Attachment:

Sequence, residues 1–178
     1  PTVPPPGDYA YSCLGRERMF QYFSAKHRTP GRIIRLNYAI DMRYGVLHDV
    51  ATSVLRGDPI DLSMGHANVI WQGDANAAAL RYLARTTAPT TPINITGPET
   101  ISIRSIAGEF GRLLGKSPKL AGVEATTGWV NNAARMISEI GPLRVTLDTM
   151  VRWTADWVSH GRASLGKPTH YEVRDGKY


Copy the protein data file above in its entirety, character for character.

Sequence, residues 1–178
     1  PTVPPPGDYA YSCLGRERMF QYFSAKHRTP GRIIRLNYAI DMRYGVLHDV
    51  ATSVLRGDPI DLSMGHANVI WQGDANAAAL RYLARTTAPT TPINITGPET
   101  ISIRSIAGEF GRLLGKSPKL AGVEATTGWV NNAARMISEI GPLRVTLDTM
   151  VRWTADWVSH GRASLGKPTH YEVRDGKY